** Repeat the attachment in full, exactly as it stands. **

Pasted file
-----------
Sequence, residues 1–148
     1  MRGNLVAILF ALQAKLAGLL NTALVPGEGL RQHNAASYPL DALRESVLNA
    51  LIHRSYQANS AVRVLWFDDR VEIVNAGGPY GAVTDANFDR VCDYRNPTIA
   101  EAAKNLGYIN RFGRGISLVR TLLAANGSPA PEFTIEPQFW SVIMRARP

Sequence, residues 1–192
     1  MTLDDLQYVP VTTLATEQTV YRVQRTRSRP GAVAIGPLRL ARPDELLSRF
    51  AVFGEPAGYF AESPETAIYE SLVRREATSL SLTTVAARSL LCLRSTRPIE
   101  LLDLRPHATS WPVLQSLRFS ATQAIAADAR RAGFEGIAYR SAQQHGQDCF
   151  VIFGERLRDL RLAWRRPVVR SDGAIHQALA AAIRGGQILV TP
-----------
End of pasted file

Sequence, residues 1–148
     1  MRGNLVAILF ALQAKLAGLL NTALVPGEGL RQHNAASYPL DALRESVLNA
    51  LIHRSYQANS AVRVLWFDDR VEIVNAGGPY GAVTDANFDR VCDYRNPTIA
   101  EAAKNLGYIN RFGRGISLVR TLLAANGSPA PEFTIEPQFW SVIMRARP

Sequence, residues 1–192
     1  MTLDDLQYVP VTTLATEQTV YRVQRTRSRP GAVAIGPLRL ARPDELLSRF
    51  AVFGEPAGYF AESPETAIYE SLVRREATSL SLTTVAARSL LCLRSTRPIE
   101  LLDLRPHATS WPVLQSLRFS ATQAIAADAR RAGFEGIAYR SAQQHGQDCF
   151  VIFGERLRDL RLAWRRPVVR SDGAIHQALA AAIRGGQILV TP